KoTOR2 while broken and unfinished seemed to go further (gender choice changes which companions you can get), dark/light influence on companions. Ironically it has just a single end though, so due to that KoTOR is still the stronger in my opinion.

    Spec Ops The Line while being surprisingly linear, is also surprisingly clever in it’s callback (at the end) to your earlier choices. And the end of the game itself has a few minor variations you can take.

    If KoTOR is the shining example of RPGs then Spec Ops The Line is it for first person shooters.

    I’m trying to think of others, but games like FEAR, or GTA series (even 4 which let you change at one point which NPC dies) does not come close. Heck Half Life series has less choice than GTA series. Adventures like The Longest Journey and Dreamfall while awesome is pretty much as linear as Half Life. Other games like No One Lives Forever (1 and 2) are also linear, great but linear (NOLF2 is highly recommended folks).

    I’m trying to recall games that had an impact on me. (by that I mean, I think of games I’ve played as far back as I can recall, and if they “stand out” in my memory).

    Monkey Island 1 and 2 was awesome, but surprisingly linear. If Monkey Island was called Zombie Island instead and had zombies instead of pirates and was more gritty then The Walking Dead would probably be compared to that. The Walking Dead is what Dead Island could have been (that awesome trailer would fit The Walking Dead better really).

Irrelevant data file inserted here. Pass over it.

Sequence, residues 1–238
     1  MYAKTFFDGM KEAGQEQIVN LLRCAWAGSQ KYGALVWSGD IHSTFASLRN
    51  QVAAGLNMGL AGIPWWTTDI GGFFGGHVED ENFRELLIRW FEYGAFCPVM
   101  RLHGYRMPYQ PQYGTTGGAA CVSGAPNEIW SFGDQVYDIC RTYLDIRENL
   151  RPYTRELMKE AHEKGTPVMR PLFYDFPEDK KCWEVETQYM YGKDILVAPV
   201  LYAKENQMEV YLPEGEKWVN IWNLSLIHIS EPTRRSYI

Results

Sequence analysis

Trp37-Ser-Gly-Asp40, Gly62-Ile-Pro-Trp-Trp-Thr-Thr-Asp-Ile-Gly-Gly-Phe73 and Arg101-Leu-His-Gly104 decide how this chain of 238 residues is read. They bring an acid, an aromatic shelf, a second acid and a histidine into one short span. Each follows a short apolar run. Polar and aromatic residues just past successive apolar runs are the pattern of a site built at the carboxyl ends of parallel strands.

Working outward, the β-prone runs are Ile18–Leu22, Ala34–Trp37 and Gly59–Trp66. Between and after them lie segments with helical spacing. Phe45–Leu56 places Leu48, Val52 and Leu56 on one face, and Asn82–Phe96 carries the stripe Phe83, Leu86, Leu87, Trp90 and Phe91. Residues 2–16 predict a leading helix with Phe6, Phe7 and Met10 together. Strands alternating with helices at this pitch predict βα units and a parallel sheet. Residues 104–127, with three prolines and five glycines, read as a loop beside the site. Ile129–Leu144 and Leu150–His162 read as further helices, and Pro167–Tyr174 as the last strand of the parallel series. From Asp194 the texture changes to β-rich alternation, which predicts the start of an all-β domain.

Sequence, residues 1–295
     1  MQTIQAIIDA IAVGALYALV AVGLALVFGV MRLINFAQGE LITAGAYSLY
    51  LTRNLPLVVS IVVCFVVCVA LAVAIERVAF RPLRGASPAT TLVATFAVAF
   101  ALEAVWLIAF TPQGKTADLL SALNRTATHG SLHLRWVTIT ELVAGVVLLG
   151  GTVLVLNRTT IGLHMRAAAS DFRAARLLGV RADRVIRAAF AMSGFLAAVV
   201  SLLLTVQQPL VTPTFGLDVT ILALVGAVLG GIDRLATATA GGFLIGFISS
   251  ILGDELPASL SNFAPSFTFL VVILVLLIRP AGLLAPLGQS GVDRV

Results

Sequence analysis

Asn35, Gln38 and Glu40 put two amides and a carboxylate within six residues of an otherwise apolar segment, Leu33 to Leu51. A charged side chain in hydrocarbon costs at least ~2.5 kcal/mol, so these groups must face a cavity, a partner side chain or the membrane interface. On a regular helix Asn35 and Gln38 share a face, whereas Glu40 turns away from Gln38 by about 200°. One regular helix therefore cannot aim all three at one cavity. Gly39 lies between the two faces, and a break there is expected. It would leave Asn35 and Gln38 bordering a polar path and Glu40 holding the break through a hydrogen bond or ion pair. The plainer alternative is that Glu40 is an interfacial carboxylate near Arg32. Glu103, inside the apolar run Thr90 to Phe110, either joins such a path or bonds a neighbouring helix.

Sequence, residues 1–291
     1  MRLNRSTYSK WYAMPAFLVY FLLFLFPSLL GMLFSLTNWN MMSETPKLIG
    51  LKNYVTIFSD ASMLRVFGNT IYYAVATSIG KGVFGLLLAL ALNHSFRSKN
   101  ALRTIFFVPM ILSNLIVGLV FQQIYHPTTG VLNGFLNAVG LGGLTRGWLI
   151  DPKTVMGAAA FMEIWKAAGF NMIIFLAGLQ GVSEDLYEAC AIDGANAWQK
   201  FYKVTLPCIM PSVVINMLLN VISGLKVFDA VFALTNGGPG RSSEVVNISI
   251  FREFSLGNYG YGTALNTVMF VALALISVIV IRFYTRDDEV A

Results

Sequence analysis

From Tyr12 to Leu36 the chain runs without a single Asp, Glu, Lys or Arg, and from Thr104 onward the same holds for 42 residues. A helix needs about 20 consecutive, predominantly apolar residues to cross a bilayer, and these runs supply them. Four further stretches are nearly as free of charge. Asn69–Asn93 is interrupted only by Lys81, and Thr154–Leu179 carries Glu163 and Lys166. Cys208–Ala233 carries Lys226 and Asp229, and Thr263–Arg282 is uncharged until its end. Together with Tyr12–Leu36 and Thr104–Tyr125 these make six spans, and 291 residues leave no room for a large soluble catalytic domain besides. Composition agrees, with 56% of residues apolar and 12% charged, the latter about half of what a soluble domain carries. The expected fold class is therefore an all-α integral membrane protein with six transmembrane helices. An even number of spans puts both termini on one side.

I see that my list of cool games is getting long, but increasingly linear.
    The reason for that is simple. Cost. Then again. BioWare certainly have the cash and resources to do a production like KoTOR again.

    What would a modern KoTOR cost to make? Less than a Dragon Age or Mass Effect game I’m sure.

    Knights Of The Old Republic will actually become 10 years old this year. That’s a decade old game that still plays damn fine.

    BioWare, here’s a tip. Take the source for KoTOR, fix whatever minor issues there are. Make it handle widescreen. And make sure it runs on a modern system and Windows 7 and 8. Release it as the 10th Anniversary edition or something, add a soundtrack album and other goodies etc. And sell it as a digital download, lots of profit for very little effort. The KoTOR fan community will market the shit out of it I’m sure.

    • Daemian Lucifer says:

      Alpha protocol is the most recent game with actual in game consequences to your choices.